Coherence for Java allows Java applications to access Coherence clustered services, including data, data events, and data processing from outside the Coherence cluster. Typical uses for Java extend clients include desktop and Web applications that require access to Coherence caches.
The Coherence for Java library connects to a Coherence*Extend clustered service instance running within the Coherence cluster using a high performance TCP/IP-based communication layer. This library sends all client requests to the Coherence*Extend clustered service which, in turn, responds to client requests by delegating to an actual Coherence clustered service (for example, a partitioned or replicated cache service).
Like cache clients that are members of the cluster, Java extend clients use the
CacheFactory.getCache() API call to retrieve a
NamedCache instance. After it is obtained, a client accesses the
NamedCache in the same way as it would if it were part of the Coherence cluster. The fact that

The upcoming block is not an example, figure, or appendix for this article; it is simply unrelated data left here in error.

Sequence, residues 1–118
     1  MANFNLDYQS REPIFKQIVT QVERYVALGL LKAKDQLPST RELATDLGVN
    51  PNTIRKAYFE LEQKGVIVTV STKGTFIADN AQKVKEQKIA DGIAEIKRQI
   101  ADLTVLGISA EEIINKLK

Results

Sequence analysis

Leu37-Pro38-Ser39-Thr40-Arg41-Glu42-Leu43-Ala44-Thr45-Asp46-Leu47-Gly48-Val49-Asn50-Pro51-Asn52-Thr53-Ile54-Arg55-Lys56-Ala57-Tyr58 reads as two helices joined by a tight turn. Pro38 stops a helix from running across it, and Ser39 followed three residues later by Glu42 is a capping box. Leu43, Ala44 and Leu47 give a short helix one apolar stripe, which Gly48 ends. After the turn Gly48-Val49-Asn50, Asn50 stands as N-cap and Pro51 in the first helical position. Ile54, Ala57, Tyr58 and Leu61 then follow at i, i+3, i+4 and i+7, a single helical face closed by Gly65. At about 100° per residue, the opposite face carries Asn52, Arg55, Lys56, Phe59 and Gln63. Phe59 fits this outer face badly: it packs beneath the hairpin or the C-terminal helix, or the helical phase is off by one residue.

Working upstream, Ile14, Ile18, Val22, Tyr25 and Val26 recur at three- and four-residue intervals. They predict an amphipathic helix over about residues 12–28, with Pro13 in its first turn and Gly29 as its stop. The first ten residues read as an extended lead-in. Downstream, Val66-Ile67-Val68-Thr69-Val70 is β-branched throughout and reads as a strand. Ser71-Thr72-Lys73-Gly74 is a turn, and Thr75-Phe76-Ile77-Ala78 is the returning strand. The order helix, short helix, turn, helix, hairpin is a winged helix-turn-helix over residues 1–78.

NamedCache operations are being sent to a remote cluster node (over TCP/IP) is completely transparent to the client application.
Unlike the C++ and .NET distributions, Java does not have a separate client distribution. The API delivered with Coherence for Java is the same API that is used to create extend clients. The API is detailed in the Oracle Coherence Developer's Guide and not duplicated in this guide. When building Java extend clients, refer to Part I, "Getting Started" in this guide (for basic setup) and Part IV, "Using the Programming API," in the Oracle Coherence Developer's Guide.